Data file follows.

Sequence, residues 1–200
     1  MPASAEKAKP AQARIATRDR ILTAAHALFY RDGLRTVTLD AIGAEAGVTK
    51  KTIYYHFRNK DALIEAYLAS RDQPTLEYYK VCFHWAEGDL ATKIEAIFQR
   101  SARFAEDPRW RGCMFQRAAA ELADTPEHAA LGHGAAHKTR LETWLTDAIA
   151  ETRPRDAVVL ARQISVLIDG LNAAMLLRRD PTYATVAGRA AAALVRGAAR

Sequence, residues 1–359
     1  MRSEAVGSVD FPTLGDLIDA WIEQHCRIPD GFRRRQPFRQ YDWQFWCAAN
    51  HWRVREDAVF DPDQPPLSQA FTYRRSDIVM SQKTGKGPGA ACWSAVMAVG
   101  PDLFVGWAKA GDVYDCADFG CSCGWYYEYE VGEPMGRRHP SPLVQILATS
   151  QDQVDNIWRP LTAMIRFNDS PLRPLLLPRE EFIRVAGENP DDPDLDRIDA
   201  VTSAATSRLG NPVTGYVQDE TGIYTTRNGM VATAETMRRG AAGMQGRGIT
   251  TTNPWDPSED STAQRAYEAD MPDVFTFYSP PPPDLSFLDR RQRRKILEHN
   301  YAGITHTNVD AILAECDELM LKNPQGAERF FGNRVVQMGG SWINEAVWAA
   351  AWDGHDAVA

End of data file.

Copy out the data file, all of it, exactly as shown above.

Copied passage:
Sequence, residues 1–200
     1  MPASAEKAKP AQARIATRDR ILTAAHALFY RDGLRTVTLD AIGAEAGVTK
    51  KTIYYHFRNK DALIEAYLAS RDQPTLEYYK VCFHWAEGDL ATKIEAIFQR
   101  SARFAEDPRW RGCMFQRAAA ELADTPEHAA LGHGAAHKTR LETWLTDAIA
   151  ETRPRDAVVL ARQISVLIDG LNAAMLLRRD PTYATVAGRA AAALVRGAAR

Sequence, residues 1–359
     1  MRSEAVGSVD FPTLGDLIDA WIEQHCRIPD GFRRRQPFRQ YDWQFWCAAN
    51  HWRVREDAVF DPDQPPLSQA FTYRRSDIVM SQKTGKGPGA ACWSAVMAVG
   101  PDLFVGWAKA GDVYDCADFG CSCGWYYEYE VGEPMGRRHP SPLVQILATS
   151  QDQVDNIWRP LTAMIRFNDS PLRPLLLPRE EFIRVAGENP DDPDLDRIDA
   201  VTSAATSRLG NPVTGYVQDE TGIYTTRNGM VATAETMRRG AAGMQGRGIT
   251  TTNPWDPSED STAQRAYEAD MPDVFTFYSP PPPDLSFLDR RQRRKILEHN
   301  YAGITHTNVD AILAECDELM LKNPQGAERF FGNRVVQMGG SWINEAVWAA
   351  AWDGHDAVA